The whimsical tone of Rugrats centered around kids who never quite understood the adult world; they misconstrued words and events and spun their own ideas out of them, and it was a better world, simply because we as the audience were allowed to look at mundane adult things like taxes and car washes in fresh, ultrapositive ways. Phineas and Ferb is a joyously optimistic show about the power of invention and creativity, a world in which children are never asked to hold themselves back and are never cruel to one another. So many fantasy series allow us to find an essential truth of human experience, that hope and friendship and good will can overcome darkness, by showing us a world we can’t always see but is always there, just as Hogwarts is hidden from our Muggle eyes. These stories are equally as valid, if not more so, than our “adult” stories that show the world as a more brutal place. They can both be true, but stories only have the power that we assign to them. If we continue to insist that positive, hopeful stories are unbelievable, then we create a world in which those stories lose their power, and our world reflects that change.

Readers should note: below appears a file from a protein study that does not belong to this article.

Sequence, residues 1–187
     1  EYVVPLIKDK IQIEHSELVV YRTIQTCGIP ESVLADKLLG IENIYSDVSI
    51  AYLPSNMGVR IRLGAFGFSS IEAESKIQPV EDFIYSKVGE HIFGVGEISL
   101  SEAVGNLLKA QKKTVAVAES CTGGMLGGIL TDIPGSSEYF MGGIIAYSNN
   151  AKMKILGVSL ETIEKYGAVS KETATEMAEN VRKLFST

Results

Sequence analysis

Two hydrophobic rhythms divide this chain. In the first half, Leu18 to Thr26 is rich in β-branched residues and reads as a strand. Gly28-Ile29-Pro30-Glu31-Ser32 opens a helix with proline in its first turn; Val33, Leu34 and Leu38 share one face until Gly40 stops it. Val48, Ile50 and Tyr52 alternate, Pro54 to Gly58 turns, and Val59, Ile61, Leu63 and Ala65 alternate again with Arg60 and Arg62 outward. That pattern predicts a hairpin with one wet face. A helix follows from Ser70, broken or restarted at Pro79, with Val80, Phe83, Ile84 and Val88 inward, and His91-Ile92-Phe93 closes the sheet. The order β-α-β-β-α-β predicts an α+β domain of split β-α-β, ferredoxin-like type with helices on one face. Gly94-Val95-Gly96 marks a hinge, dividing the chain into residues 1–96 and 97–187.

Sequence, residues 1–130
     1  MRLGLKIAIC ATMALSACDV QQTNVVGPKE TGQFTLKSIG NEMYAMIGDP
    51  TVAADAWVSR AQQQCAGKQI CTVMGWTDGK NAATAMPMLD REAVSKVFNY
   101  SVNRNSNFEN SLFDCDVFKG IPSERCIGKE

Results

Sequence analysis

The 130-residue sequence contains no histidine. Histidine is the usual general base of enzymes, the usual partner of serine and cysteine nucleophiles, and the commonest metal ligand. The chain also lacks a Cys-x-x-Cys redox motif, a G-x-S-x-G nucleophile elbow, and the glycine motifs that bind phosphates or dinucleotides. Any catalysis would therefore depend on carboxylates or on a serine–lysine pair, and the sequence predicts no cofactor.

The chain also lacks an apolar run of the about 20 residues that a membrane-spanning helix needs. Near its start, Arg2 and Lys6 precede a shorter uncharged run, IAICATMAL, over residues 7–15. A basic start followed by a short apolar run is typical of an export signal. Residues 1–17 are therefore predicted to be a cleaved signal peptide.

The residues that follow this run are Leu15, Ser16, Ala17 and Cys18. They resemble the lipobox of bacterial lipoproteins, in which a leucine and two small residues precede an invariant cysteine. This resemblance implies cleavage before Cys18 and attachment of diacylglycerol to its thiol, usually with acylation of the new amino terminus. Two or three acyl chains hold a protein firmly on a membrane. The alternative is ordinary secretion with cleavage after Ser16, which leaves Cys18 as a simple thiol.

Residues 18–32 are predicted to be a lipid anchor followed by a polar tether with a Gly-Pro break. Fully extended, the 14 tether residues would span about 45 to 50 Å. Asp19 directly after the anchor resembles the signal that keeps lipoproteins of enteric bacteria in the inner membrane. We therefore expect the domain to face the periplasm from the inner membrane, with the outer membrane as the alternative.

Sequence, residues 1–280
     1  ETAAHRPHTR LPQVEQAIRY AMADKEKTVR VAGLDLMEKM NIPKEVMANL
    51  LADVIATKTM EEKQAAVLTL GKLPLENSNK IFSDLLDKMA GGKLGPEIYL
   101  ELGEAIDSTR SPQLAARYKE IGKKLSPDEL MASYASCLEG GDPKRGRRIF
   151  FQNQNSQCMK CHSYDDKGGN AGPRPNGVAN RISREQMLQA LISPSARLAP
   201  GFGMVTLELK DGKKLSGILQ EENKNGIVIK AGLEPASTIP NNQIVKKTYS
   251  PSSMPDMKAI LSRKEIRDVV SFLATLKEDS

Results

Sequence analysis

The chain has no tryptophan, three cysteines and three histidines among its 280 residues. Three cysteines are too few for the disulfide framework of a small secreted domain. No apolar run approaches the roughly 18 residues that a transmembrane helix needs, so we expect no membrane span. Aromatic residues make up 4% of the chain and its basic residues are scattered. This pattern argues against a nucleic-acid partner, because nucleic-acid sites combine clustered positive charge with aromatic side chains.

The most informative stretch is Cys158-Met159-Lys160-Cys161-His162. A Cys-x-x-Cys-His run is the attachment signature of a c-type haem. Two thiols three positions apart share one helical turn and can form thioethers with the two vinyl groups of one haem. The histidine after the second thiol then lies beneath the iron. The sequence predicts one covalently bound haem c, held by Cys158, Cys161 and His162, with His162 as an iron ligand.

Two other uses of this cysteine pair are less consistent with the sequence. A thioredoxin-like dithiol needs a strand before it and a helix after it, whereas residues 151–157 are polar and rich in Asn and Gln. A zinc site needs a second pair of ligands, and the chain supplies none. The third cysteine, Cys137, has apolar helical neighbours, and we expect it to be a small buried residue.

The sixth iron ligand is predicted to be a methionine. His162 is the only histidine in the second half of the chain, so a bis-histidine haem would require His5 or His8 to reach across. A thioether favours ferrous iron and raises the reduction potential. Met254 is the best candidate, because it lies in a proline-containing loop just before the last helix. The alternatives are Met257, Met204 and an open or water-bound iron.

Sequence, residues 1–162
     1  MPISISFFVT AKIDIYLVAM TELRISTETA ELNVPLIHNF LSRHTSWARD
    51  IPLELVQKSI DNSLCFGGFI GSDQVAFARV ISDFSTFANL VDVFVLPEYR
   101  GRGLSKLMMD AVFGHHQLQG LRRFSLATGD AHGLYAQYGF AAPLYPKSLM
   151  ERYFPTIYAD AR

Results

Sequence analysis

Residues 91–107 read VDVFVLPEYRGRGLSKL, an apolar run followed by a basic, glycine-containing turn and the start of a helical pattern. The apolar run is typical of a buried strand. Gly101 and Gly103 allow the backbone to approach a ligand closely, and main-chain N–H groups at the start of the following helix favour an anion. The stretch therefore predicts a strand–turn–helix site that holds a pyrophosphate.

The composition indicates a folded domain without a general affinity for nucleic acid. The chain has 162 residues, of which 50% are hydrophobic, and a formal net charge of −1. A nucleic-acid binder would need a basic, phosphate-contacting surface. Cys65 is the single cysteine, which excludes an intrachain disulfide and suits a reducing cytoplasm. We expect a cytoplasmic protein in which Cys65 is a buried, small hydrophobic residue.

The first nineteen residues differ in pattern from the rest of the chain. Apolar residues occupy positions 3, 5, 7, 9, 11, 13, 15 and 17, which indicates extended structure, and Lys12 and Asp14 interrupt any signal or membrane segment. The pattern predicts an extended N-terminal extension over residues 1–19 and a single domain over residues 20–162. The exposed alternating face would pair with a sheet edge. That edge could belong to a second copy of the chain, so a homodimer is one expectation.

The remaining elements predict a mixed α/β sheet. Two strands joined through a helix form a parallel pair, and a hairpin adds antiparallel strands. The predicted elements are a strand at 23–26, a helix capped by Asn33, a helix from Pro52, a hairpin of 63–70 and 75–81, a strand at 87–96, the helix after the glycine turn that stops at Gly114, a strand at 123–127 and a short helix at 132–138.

The stories we tell children shape our future. There’s a reason we need those happy endings, and it’s not because children are too weak to handle the “truth” about the world. It’s because we as a society need to be reminded that kindness and hope have power. Children need stories that allow them to be heroes, that value their insight, their ideas, and their narratives. We need stories that empower, not stories that dwindle away into hopeless cynicism. We do not need to insist that fictional stories cannot exist on their own terms, that even fantasy worlds must be fantasies within their own story. It’s backwards, it’s hopeless, it’s wrong-headed. These stories aren’t yours to claim. They aren’t yours to “correct.” These stories belong to children, and thankfully, they’re stories full of more hope and power than anything the internet could ever come up with. Why would you ever try to tear them down?